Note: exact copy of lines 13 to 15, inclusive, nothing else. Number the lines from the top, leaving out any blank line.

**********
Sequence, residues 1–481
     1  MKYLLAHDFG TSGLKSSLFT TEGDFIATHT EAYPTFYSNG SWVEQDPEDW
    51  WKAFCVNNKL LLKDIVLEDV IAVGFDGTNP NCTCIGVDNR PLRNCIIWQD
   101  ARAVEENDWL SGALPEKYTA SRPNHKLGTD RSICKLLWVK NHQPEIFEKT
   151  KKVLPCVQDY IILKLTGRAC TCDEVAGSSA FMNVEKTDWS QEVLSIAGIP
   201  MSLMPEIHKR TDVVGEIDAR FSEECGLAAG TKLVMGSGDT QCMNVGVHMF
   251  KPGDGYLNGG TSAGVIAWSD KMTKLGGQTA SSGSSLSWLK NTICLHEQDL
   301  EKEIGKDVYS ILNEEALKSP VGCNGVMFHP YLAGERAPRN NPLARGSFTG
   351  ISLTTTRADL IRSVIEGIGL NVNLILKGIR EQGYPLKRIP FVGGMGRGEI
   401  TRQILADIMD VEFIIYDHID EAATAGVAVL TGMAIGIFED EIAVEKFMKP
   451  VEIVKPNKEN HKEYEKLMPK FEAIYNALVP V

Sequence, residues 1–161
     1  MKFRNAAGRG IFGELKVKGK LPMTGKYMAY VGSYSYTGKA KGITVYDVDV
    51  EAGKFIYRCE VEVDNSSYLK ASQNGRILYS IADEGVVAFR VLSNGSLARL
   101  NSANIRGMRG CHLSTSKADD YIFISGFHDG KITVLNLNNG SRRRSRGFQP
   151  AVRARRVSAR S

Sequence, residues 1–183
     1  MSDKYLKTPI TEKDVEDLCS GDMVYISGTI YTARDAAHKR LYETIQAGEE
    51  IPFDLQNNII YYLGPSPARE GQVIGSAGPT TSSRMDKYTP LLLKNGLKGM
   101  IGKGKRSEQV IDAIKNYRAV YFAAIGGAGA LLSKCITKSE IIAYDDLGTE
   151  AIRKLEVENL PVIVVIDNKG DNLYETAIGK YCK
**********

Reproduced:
     1  MKFRNAAGRG IFGELKVKGK LPMTGKYMAY VGSYSYTGKA KGITVYDVDV
    51  EAGKFIYRCE VEVDNSSYLK ASQNGRILYS IADEGVVAFR VLSNGSLARL
   101  NSANIRGMRG CHLSTSKADD YIFISGFHDG KITVLNLNNG SRRRSRGFQP